The ‘have nots’ are not assertive enough and/or interested enough, so at the first opportunity they withdraw. I do not know whether it a lack of motivation or from experience they know that ‘the best is over for them’. They complain for what they did not get, but mostly do not take that ‘extra step’ to achieve what they want. So, the gap remains, the artificial shortage (non issue) becomes a ‘real issue’.

Arranging the program in a bigger hall (increasing resources/schemes/facilities) seems to be an obvious solution, but with the present mindset what is the guarantee that we will not create artificial shortage in that situation too?

Creating artificial shortage by haphazard and selfish choices is one part of the problem. Not taking extra efforts to create a space for ourselves is another side of the same coin. Unless we tackle both these issues simultaneously, whatever we may have, some will always be left without it, even when they want it. We all seem to love ‘shortage’ in one form or other and we all contribute to creating it.

So, why complain?


  1. I was there on one of the empty chairs! Did you see me?

  2. We tried our level best to provide the accomodation to everybody but as u rightly mentioned that whether people really want to attend it or not is the issue. But program was good and people responded well to it


  3. I think some people take back chairs to avoid being questioned and to answer if questioned. Be on safer side. Whether interested or not does not matter. There are some time passers as well.

  4. Good, u You can share this expe. in next progrm so people will move to the front (High hopes!!)

    Rajyashree K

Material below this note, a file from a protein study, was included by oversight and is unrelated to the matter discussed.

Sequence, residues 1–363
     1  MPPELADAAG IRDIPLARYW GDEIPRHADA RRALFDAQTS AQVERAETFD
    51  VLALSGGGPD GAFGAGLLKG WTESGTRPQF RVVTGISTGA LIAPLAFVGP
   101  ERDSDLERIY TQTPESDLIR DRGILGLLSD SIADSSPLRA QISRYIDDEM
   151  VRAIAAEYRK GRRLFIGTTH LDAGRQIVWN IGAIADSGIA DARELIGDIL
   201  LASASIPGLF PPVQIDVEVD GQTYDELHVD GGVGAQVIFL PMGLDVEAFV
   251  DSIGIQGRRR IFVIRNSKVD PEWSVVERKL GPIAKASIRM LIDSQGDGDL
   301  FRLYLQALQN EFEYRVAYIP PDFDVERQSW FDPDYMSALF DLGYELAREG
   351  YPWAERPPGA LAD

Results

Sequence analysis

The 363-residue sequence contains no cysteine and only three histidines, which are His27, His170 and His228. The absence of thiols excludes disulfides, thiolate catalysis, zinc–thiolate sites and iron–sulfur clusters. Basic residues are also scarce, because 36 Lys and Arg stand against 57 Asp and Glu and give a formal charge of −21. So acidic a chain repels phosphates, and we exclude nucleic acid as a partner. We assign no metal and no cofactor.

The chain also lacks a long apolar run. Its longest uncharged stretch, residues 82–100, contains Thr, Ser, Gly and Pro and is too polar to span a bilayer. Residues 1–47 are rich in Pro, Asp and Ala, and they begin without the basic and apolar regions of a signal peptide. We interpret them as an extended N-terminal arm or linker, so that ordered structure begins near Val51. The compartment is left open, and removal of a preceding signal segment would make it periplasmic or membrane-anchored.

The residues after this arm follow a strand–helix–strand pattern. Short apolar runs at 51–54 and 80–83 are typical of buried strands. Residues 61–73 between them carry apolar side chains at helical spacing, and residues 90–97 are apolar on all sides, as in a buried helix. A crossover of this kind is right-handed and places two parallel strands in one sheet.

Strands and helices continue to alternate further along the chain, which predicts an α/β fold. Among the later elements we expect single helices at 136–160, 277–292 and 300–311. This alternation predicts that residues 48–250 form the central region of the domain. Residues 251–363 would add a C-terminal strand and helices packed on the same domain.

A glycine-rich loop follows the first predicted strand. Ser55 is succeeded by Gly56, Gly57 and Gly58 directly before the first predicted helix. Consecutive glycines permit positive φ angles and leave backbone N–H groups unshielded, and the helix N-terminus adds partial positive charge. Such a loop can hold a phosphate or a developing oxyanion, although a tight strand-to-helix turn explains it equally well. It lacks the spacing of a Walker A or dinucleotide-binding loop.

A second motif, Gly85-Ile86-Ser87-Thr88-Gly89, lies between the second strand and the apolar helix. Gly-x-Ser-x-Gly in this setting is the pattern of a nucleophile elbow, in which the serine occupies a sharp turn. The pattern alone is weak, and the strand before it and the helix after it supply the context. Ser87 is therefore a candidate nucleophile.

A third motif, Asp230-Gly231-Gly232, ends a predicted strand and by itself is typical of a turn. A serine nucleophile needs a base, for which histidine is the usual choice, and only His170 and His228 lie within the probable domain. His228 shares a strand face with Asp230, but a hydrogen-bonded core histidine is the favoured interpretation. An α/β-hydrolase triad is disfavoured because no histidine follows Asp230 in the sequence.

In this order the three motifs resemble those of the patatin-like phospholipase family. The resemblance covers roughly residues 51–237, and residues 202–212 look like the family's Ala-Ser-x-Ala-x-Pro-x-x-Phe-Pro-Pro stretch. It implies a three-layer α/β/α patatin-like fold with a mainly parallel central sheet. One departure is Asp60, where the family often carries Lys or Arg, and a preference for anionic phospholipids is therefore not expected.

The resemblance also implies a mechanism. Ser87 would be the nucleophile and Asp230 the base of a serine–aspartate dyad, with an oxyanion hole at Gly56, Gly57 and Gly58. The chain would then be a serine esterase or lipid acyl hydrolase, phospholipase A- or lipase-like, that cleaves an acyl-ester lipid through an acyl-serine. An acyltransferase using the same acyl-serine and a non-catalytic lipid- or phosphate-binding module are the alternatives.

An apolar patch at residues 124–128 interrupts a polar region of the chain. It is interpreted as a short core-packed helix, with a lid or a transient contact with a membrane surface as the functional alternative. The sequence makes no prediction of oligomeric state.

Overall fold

5. Congrats for your enormous hard work as well as to gather people of having different psychology ............ans savita it is society .......having different categories of people...... some R ……..now we R more interested in the content of the programme… please write about it in next blog……. I think we should not take into account like these circumstances

  6. i always read ur blogs which give me some insights


  7. It reminds me of a line I read somewhere- I think it was said by some historian (British or Indian? not sure)..
    Britain is a nation. Indians are a crowd (not nation)!
    I think the question was - how did British rule India, even though outnumbered by 1 to 20..?
    Anyway, are there advantages to being a crowd?
    It also reminds me another saying: we all are marching to a drum beat- which only we can hear.. (so, of course, we all march at our pace..)

  8. Are you working as what anyway?

  9. What a good idea. At least you know that you had many people who wanted to attend. That's better than not having anyone, right?

  10. Mrinalini, u seem to have magic wand to be invisible... next time i see empty chair i wl talk to you (sitting there!)

    Shriniwas and Puja I completely agree with you.

    Rajyashri, it a good idea. Hope next time when I use it, it works.

    ashlesha, yes I should be writing more about content ... but that is not the puropose of the blog. I wl arrange to send you official report of the program.

    Thanks sw for ur compliments.

    Sachin, good thought ... i wl think abt advantages of being 'one of the crowd' which i cannot claim to be.

    nadhsamuel, my official work is to be a part of rural development NGO. That would explain it i believe.

    BlackenedBoy, you are right. Instead of complaining I should look at the positive side of it!